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To help with an application that manipulates and works from an XML structure to produce other information, I've created a class structure that closely follows the XML structure.

So, the XML is:

<document>
  <group attr1="thing">
    <title>Some group of things</title>

    <information>
      <content />
    </information>

    <detail attr2="flame">
      <title>Some detail</title>

      <content />
    </detail>

    <subgroup attr1="invisible">
      <title>A subgroup</title>

      <information>
        <content />
      </information>

      <detail attr2="mister">
        <content />
      </detail>
    </subgroup>

    ...
  </group>

  <group>
    <title>...</title>

    <information>
        <content />
    </information>

    <reference ref="elsewhere" />

    ...
  </group>

  ...
</document>

The <reference> element is a special case that pulls in from a matching <detail> in a different group/subgroup.

I've pretty much identified a standard interface for the nodes:

interface iNode {
    getTitle();
    getAttr();
    getInformation();
    getNodes();
}

And then I've implemented in the following four classes, and use a factory to determine which class to use to represent a particular XML DOM Node as I parse through the document:

class NodeGroup implements iNode {
    getTitle()        : return <title>
    getAttr()         : return @attr1
    getInformation()  : return <information>
    getNodes() : return <detail> | <subgroup> | <reference>    
}

class NodeSubGroup implements iNode {
    getTitle()        : return <title>
    getAttr()         : return @attr1
    getInformation()  : return <information>
    getNodes() : return <detail> | <subgroup> | <reference>    
}

class NodeDetail implements iNode {
    getTitle()        : return <title>
    getAttr()         : return @attr2
    getInformation()  : return child::*[not <title>]
    getNodes() : return none
}

class NodeReference implements iNode {
    getTitle()        : return (NodeDetail:getTitle())
    getAttr()         : return (NodeDetail:getAttr())
    getInformation()  : return (NodeDetail:getInformation())
    getNodes() : return none
}

Now, it's pretty clear that the NodeGroup and NodeSubGroup have the same implementation - so I figured I could just create a superclass with the common implementation. Even NodeDetail can extend that superclass since it implements getTitle() in the same way (and override the other three methods).

Having done that, I now have 5 classes and 3 implementations (since NodeGroup and NodeSubGroup are just thin subclasses now that don't override anything).

My question is - do I cut this to 3 classes and have the factory instantiate the superclass for <group> and <subgroup>, or keep all 5 classes, make the superclass abstract, so that there is an explicit one-to-one relationship between classes and XML node types?


Sorry - in an attempt not to get bogged down in the implementation side of things, I probably oversimplified the class examples here. I'm trying to focus whether I should have 5 classes for 5 node types or not - especially when two node types present the same behaviour as far as anything that would need to use them. Using the word Interaction (while meaningful in the context of my applications) was also a poor choice.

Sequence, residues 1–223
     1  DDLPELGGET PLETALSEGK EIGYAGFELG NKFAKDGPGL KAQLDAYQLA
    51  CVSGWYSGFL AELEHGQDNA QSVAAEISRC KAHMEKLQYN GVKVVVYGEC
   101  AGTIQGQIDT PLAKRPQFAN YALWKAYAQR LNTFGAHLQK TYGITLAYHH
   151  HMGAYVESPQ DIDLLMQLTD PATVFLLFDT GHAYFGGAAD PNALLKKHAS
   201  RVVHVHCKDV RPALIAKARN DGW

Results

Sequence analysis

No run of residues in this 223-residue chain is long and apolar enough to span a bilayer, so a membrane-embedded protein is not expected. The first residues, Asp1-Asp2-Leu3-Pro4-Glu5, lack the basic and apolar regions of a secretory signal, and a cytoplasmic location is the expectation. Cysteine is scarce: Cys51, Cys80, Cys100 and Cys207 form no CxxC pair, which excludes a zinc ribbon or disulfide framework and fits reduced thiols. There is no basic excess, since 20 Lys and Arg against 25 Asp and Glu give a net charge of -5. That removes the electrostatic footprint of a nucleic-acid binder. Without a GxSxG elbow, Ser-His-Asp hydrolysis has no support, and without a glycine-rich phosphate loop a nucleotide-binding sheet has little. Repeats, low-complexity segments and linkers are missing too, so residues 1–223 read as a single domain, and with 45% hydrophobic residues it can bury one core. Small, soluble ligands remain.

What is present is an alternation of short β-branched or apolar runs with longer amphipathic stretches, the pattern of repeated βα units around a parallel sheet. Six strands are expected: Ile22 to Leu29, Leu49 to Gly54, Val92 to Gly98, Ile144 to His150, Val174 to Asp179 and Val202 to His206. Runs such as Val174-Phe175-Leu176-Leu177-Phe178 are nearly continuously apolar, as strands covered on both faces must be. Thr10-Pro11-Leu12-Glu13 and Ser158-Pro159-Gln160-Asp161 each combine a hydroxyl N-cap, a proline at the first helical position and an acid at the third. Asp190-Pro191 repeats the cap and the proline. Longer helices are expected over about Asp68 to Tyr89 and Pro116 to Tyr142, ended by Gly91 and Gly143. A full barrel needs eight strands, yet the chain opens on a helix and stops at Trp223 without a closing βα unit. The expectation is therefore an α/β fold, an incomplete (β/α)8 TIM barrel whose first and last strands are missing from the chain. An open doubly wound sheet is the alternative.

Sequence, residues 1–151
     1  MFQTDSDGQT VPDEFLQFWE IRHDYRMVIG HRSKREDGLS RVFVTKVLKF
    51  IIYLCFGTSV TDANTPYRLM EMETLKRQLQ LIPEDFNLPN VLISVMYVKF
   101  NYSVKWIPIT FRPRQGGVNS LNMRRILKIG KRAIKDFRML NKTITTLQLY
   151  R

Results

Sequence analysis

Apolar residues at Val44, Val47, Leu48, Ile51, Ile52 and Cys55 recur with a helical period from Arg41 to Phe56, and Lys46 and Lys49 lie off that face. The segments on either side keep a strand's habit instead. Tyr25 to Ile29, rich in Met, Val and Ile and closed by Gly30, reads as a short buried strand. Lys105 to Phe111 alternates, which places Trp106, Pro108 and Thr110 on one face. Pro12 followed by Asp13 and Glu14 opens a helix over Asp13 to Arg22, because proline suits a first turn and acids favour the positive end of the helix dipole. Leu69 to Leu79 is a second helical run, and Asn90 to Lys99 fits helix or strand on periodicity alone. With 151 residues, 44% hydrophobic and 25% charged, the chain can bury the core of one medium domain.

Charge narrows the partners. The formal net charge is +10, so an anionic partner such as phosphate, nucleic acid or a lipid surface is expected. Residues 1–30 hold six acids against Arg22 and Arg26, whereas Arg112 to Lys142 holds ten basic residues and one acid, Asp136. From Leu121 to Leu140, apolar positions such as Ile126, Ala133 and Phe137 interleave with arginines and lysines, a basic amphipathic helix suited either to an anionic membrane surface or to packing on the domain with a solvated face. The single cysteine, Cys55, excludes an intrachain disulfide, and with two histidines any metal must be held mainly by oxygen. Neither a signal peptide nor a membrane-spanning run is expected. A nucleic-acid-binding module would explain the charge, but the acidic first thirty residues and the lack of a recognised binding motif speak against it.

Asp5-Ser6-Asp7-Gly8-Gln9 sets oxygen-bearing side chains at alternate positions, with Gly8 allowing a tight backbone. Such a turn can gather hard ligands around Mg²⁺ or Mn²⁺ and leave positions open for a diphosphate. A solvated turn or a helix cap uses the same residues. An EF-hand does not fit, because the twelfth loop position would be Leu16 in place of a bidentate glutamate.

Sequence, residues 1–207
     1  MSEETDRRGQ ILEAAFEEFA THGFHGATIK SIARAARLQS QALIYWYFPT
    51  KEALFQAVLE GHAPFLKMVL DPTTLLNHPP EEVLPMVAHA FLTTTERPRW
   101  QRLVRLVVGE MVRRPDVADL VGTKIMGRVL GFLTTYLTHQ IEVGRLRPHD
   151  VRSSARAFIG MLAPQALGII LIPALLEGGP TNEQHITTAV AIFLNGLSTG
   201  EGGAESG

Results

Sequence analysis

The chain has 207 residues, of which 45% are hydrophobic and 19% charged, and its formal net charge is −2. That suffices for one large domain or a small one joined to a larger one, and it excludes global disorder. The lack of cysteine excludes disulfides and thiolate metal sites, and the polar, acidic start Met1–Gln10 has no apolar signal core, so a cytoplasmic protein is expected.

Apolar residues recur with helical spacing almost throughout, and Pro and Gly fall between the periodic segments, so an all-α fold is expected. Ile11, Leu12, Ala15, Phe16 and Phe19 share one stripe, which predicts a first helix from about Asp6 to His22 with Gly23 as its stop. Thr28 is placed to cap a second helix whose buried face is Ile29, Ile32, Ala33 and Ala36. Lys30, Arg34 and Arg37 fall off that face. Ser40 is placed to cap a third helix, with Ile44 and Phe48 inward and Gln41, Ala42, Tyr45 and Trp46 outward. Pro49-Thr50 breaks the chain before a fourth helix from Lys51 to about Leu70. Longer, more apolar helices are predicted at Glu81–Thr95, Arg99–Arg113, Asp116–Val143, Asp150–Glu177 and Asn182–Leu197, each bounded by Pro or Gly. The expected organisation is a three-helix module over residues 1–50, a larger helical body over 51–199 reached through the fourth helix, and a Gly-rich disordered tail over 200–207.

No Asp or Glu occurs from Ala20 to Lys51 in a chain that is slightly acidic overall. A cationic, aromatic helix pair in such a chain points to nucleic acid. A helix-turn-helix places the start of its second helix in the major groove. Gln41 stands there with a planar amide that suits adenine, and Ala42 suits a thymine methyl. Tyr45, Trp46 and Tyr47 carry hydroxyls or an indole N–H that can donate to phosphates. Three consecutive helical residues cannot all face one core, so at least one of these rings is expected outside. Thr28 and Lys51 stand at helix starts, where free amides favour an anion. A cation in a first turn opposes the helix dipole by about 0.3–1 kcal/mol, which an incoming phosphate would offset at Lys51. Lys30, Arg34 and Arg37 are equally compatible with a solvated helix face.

Each of these classes instruct an XML parser how to get the relevant information I want from the document for the node that the object represents. Some of those classes also manipulate the information that the parser retrieves.

  • If you had an XML attribute that told you what kind of top-level interaction it was, you'd only need one class. There are many ways to skin this cat. In the JSON world, I can create DTO's for an entire hierarchy. Or (in C#), I can simply ask Newtonsoft to deserialize to a dynamic, and I don't require any DTO classes at all, as long as I'm willing to accept late binding. – Robert Harvey Mar 2 '16 at 6:49
  • well, i don't need even need the XML attribute - one class, store the node name, and then have if statements... i'm guess i'm just wondering if, now i'm in for penny (some subclasses) I should just go in for a pound and have it one-to-one – HorusKol Mar 2 '16 at 12:29
  • 1
    ...explicit .. relationship between classes and XML node types?. No. The XML is simply a data store - an implementation detail. Express the problem domain in code, not the database design. If there is a natural mapping in places, fine. But don't compromise your design. – radarbob Mar 3 '16 at 1:43
  • Do these classes do anything? If they do stuff and the properties are the same perhaps the stuff they do is the same things, just different implementation? Now that sounds like an abstract class. ... iInteraction interface seems pointless. So abstract as to be meaningless. So these classes are "interactable"? Given the XML element names it seems "interaction" is inherent in what they are. What is any OO class for if not interaction? So make classes to give them an identity w/in your business domain. Expressing the problem domain trumps class count. – radarbob Mar 3 '16 at 1:49
  • @radarbob - hmm... maybe i oversimplified my pseudocode - those interface methods are very meaningful in our problem domain, and yes, those classes do the work of extracting information for processing by several different consumers and it made more sense to provide standardised interfaces rather than have the consumers set up all the xpath queries. – HorusKol Mar 3 '16 at 1:52
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It looks to me like you can use the Composite Pattern for your classes. enter image description here

In the diagram above, CompositeNode is a synonym for Group. It can also be used where you see Subgroups in the XML content.

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